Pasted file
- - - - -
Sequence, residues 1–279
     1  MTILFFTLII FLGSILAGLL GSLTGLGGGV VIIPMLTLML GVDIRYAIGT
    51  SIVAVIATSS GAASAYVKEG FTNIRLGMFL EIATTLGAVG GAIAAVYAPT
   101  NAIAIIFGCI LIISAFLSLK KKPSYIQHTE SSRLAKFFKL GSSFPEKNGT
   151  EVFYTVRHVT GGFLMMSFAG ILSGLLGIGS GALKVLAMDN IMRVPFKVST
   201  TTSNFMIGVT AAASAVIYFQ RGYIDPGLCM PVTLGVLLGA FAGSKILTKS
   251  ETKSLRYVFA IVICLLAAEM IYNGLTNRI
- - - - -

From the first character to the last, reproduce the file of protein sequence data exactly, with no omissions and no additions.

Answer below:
Sequence, residues 1–279
     1  MTILFFTLII FLGSILAGLL GSLTGLGGGV VIIPMLTLML GVDIRYAIGT
    51  SIVAVIATSS GAASAYVKEG FTNIRLGMFL EIATTLGAVG GAIAAVYAPT
   101  NAIAIIFGCI LIISAFLSLK KKPSYIQHTE SSRLAKFFKL GSSFPEKNGT
   151  EVFYTVRHVT GGFLMMSFAG ILSGLLGIGS GALKVLAMDN IMRVPFKVST
   201  TTSNFMIGVT AAASAVIYFQ RGYIDPGLCM PVTLGVLLGA FAGSKILTKS
   251  ETKSLRYVFA IVICLLAAEM IYNGLTNRI